# Auth:     Authentication algorithm used by the UE. Valid algorithms are XOR
#           (xor) and MILENAGE (mil)
# IMSI:     UE's IMSI value
# Key:      UE's key, where other keys are derived from. Stored in hexadecimal
# OP_Type:  Operator's code type, either OP or OPc
# OP/OPc:   Operator Code/Cyphered Operator Code, stored in hexadecimal
# AMF:      Authentication management field, stored in hexadecimal
# SQN:      UE's Sequence number for freshness of the authentication
# QCI:      QoS Class Identifier for the UE's default bearer.
# IP_alloc: IP allocation stratagy for the SPGW.
#           With 'dynamic' the SPGW will automatically allocate IPs
#           With a valid IPv4 (e.g. '') the UE will have a statically assigned IP.
# Note: Lines starting by '#' are ignored and will be overwritten

The AMF number should be set to 8000 of above. From one of the 3GPP documents either the lowest order bit (or possibly highest order bit based on the examples above) is used to indicate that this device is connecting over LTE, rather than an alternative access technology such as Wi-Fi. The remaining bits are vendor specific and unused by srsRAN as far as I could tell.

The SQN is a sequence number which ensures the period before an authentication request for a device is repeated is sufficiently large to prevent replay attacks. We can set this to zero and it will be auto-incremented by the EPC.

QCI relates to the quality of service class for the user….given that we’d be happy with any service at present, leaving it at the example default of 7 seems reasonable.

With that all of the configuration is complete.


In order to start the network up ready for clients we need to launch the EPC followed by the eNodeB.

With the SDR connected and RF cables to the mobile device already in place.

Using the same prefix as was used when building and installing:


In one terminal launch the EPC:

sudo LD_LIBRARY_PATH=${SRSRAN_INSTALL}/lib sh -c "cd ${HOME}/.config/srsran; ${SRSRAN_INSTALL}/bin/srsepc epc.conf"

If all goes well it should output something similar to the following at startup:

Built in Release mode using commit 61059ecbc on branch release_23_04.

---  Software Radio Systems EPC  ---

Reading configuration file epc.conf...
HSS Initialized.
MME S11 Initialized
MME GTP-C Initialized
MME Initialized. MCC: 0xf999, MNC: 0xff69
SPGW GTP-U Initialized.
SPGW S11 Initialized.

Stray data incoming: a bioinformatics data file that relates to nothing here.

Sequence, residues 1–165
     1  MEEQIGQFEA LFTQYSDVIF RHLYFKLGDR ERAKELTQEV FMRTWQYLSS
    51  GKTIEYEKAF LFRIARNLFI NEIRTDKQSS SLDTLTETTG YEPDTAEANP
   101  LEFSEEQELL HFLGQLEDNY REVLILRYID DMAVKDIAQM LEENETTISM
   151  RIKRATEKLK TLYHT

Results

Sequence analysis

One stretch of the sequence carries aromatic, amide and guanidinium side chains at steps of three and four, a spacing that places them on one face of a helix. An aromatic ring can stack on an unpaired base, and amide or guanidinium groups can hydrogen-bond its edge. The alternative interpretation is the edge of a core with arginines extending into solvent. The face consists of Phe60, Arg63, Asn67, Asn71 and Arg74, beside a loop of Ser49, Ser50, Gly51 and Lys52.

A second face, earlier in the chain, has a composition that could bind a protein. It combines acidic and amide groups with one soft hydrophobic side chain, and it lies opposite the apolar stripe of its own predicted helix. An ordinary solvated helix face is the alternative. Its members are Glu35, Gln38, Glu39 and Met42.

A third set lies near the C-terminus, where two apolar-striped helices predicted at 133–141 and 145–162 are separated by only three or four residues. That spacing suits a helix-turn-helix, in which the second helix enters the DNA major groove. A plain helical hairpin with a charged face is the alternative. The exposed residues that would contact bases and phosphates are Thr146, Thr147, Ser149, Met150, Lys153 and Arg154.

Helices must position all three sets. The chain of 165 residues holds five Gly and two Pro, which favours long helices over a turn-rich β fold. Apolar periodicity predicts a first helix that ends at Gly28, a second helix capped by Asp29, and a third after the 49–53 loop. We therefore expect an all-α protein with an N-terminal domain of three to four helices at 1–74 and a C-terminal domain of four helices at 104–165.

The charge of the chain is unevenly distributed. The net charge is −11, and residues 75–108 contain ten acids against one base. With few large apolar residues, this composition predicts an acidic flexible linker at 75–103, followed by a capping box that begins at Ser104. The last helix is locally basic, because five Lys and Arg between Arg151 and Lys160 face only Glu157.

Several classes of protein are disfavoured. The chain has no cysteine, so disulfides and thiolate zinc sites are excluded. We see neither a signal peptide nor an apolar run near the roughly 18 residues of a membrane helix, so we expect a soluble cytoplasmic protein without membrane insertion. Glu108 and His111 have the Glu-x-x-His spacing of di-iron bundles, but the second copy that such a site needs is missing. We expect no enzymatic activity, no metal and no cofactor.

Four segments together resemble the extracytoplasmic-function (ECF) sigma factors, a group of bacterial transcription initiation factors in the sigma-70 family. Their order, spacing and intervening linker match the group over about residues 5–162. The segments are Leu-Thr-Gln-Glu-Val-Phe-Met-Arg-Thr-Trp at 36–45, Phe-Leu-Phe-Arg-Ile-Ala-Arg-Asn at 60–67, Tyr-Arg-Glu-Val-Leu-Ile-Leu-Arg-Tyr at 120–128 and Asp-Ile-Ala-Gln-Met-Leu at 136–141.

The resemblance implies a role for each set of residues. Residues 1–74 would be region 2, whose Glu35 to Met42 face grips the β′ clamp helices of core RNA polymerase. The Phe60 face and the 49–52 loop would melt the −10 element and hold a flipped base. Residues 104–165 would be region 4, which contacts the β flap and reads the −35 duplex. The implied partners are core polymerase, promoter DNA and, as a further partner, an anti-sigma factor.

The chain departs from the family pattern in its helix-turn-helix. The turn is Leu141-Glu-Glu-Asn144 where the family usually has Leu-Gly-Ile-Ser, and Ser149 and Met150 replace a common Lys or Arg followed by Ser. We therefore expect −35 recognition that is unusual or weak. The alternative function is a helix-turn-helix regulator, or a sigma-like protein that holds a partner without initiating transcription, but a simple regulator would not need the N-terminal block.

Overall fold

SP-GW Initialized.

In another terminal launch the eNodeB:

echo "performance" | sudo tee /sys/devices/system/cpu/cpu*/cpufreq/scaling_governor
sudo LD_LIBRARY_PATH=${SRSRAN_INSTALL}/lib sh -c "cd ${HOME}/.config/srsran; ${SRSRAN_INSTALL}/bin/srsenb enb.conf"

If all goes well it should output something similar to the following at startup:

Active RF plugins:
Inactive RF plugins: 
---  Software Radio Systems LTE eNodeB  ---

Reading configuration file enb_lime_soapy.conf...

Built in Release mode using commit 61059ecbc on branch release_23_04.

Opening 1 channels in RF device=soapy with args=driver=lime,rxant=LNAH,txant=BAND2
Supported RF device list: soapy limesdr file
Soapy has found device #0: addr=1d50:6108, driver=lime, label=LimeSDR-USB [USB 3.0] 908340187372A, media=USB 3.0, module=FX3, name=LimeSDR-USB, serial=000908340187372A, 
Selecting Soapy device: 0
[INFO] Make connection: 'LimeSDR-USB [USB 3.0] 908340187372A'
[INFO] Reference clock 30.72 MHz
[INFO] Device name: LimeSDR-USB
[INFO] Reference: 30.72 MHz
[INFO] LMS7002M register cache: Disabled
Setting up Rx stream with 1 channel(s)
Setting up Tx stream with 1 channel(s)
[INFO] RX LPF configured
[INFO] Filter calibrated. Filter order-4th, filter bandwidth set to 5 MHz.Real pole 1st order filter set to 2.5 MHz. Preemphasis filter not active
[INFO] TX LPF configured
Available device sensors: 
 - clock_locked
 - lms7_temp
Available sensors for Rx channel 0: 
 - lo_locked
Setting Rx channel 0 antenna to LNAH
Setting Tx channel 0 antenna to BAND2
State of gain elements for Rx channel 0 (AGC not supported):
 - TIA: 9.00 dB
 - LNA: 30.00 dB
 - PGA: -7.00 dB
State of gain elements for Tx channel 0 (AGC not supported):
 - PAD: 0.00 dB
 - IAMP: 0.00 dB
Rx antenna set to LNAH
Tx antenna set to BAND2

==== eNodeB started ===
Type <t> to view trace
[INFO] RX LPF configured
[INFO] Filter calibrated. Filter order-4th, filter bandwidth set to 11.52 MHz.Real pole 1st order filter set to 2.5 MHz. Preemphasis filter not active
[INFO] TX LPF configured
Setting frequency: DL=2630.0 Mhz, UL=2510.0 MHz for cc_idx=0 nof_prb=50
[INFO] Tx calibration finished
[INFO] Rx calibration finished

Finally to allow clients onto the internet we need to enable IP forwarding and configure a NAT rule for the system. Clients will be assigned an IP in the range with their traffic emerging from a Linux TUN interface. The IP forwarding and NAT configuration will allow them to access the internet via the host’s default route.

This has been neatly wrapped up by the srsRAN team in a small helper script, which we can execute as follows. Substituting enp3s0f2 for the name of your internet connected Ethernet interface.